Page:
Reforms Increase Complexity of Pensions
In the budget of 2014, the Chancellor of the Exchequer George Osborne declared his intention to enhance the flexibility of pension schemes by introducing legislation meaning people were not beholden to purchasing an annuity.
In an extension of that reform, this week has witnessed Mr Osborne announcing the commitment allowing as many as 5 million retired people to be able to sell out of the annuity they had purchased previously. The alteration is set to be implemented in 2016.
The initial change to the legislation pertaining to pension freedoms is to be implemented on April 6th 2014, a matter of weeks. The alterations mean that those who had originally saved money in pension schemes and expected to receive that money via a life-time annuity with an insurance firm can now receive the total value of their pension as cash.
Thus anyone about to retire at the age of 55 years or above can take advantage of this and will not suffer from rigid annuities with poor interest rates.
Despite the temptation to spend all the cash available now on a lavish one-time product or treat, the majority of pensioners are predicted to use this freedom to pay down a mortgage loan or help younger family members.
Because of the extra freedom and responsibility, it is extremely important that pensioners ensure they plan and have a budget for living costs that is adequate for the full course of their retirement years.
However, there are a few qualifications to these pension freedoms that should be duly noted. Firstly, the ability to withdraw cash when you are 55 years or above only pertains to pensions connected with the stock market and not unequivocally to those final salary pension facilities at private companies.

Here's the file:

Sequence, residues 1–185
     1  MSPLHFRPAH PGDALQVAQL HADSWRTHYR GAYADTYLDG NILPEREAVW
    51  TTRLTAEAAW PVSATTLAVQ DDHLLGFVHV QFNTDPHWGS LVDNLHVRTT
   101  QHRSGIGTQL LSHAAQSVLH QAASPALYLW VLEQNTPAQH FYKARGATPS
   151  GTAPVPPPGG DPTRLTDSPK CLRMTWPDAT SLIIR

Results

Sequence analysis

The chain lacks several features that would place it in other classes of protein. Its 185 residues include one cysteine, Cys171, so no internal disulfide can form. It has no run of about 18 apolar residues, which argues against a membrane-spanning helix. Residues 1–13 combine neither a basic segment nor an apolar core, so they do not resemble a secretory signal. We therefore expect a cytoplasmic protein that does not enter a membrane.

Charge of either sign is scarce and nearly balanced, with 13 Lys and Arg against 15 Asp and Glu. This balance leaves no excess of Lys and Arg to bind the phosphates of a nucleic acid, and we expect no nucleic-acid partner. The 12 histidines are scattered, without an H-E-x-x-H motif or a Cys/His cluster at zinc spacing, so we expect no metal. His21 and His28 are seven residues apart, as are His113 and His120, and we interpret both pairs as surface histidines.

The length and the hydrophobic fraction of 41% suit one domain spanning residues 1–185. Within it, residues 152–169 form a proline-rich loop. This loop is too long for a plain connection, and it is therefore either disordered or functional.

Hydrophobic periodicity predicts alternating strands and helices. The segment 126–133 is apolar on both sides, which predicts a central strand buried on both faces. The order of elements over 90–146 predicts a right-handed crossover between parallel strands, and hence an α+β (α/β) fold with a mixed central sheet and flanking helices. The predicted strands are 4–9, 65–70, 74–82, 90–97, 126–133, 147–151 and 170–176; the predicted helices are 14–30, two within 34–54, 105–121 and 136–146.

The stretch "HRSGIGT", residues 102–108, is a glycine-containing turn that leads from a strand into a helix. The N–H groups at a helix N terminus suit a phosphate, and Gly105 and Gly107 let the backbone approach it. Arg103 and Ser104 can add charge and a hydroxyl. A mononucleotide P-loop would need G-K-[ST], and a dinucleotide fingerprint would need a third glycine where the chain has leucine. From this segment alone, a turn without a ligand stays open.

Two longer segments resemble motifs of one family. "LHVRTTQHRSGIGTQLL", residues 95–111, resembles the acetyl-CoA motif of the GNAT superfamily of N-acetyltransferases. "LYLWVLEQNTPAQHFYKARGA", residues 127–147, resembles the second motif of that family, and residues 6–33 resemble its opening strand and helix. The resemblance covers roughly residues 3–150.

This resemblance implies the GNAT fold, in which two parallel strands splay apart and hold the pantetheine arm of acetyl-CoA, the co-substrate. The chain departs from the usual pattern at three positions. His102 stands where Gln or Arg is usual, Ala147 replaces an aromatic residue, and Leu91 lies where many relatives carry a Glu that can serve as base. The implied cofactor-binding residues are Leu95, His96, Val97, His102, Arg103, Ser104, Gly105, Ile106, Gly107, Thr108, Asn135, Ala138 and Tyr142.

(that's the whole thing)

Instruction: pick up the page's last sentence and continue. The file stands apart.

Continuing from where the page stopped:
Instead, in order to access pension cash from those private sector schemes, it is necessary for the retiree to move their money from that facility into a ìmoney purchase arrangementî and then navigate the new legislation in order to change that into cash.
This is a complex sequence of transactions to follow and without the correct expertise and advice it could easily cause a number of problems. Further to this, it is necessary for pensioners to be informed and on the lookout for criminals and fraudulent practitioners attempting to convince them to buy into a faulty arrangement or facility.
In fact, for a large number of consumers locked into final salary pension facilities supported by resourceful employers it will make sense to not move around but instead stick with what they have got. However, for those not so confident in their companyís corporate condition it may pay dividends to move onto a money purchase scheme and indulge the ability they will then have to take the cash out.
One thing is for sure. With the increasing complexity surrounding pension legislation and the abundance of choices available to retirees, more thought and effort will be required from those pensioners planning their retirement years.